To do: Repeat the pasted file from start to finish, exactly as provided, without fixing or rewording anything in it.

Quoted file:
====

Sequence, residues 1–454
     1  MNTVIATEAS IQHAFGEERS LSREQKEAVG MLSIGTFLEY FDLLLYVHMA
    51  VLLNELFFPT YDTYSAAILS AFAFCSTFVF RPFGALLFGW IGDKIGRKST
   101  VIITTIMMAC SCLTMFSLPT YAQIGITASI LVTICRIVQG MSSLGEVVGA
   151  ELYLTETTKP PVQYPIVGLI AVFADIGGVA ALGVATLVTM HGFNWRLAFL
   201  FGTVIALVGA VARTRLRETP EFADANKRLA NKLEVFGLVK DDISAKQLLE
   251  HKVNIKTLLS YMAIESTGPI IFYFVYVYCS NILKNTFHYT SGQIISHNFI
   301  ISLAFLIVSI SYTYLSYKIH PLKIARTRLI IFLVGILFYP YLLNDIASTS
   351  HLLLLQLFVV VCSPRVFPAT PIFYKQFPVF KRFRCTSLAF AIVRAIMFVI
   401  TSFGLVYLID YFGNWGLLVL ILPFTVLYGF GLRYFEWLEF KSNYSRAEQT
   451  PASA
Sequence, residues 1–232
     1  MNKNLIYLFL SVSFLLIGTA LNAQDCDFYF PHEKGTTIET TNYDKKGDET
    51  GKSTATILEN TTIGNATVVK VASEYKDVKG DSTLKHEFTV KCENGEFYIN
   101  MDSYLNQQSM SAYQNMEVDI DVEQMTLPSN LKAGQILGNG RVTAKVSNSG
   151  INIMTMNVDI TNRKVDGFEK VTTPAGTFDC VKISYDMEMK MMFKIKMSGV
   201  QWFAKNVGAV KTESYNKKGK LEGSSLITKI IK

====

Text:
Sequence, residues 1–454
     1  MNTVIATEAS IQHAFGEERS LSREQKEAVG MLSIGTFLEY FDLLLYVHMA
    51  VLLNELFFPT YDTYSAAILS AFAFCSTFVF RPFGALLFGW IGDKIGRKST
   101  VIITTIMMAC SCLTMFSLPT YAQIGITASI LVTICRIVQG MSSLGEVVGA
   151  ELYLTETTKP PVQYPIVGLI AVFADIGGVA ALGVATLVTM HGFNWRLAFL
   201  FGTVIALVGA VARTRLRETP EFADANKRLA NKLEVFGLVK DDISAKQLLE
   251  HKVNIKTLLS YMAIESTGPI IFYFVYVYCS NILKNTFHYT SGQIISHNFI
   301  ISLAFLIVSI SYTYLSYKIH PLKIARTRLI IFLVGILFYP YLLNDIASTS
   351  HLLLLQLFVV VCSPRVFPAT PIFYKQFPVF KRFRCTSLAF AIVRAIMFVI
   401  TSFGLVYLID YFGNWGLLVL ILPFTVLYGF GLRYFEWLEF KSNYSRAEQT
   451  PASA
Sequence, residues 1–232
     1  MNKNLIYLFL SVSFLLIGTA LNAQDCDFYF PHEKGTTIET TNYDKKGDET
    51  GKSTATILEN TTIGNATVVK VASEYKDVKG DSTLKHEFTV KCENGEFYIN
   101  MDSYLNQQSM SAYQNMEVDI DVEQMTLPSN LKAGQILGNG RVTAKVSNSG
   151  INIMTMNVDI TNRKVDGFEK VTTPAGTFDC VKISYDMEMK MMFKIKMSGV
   201  QWFAKNVGAV KTESYNKKGK LEGSSLITKI IK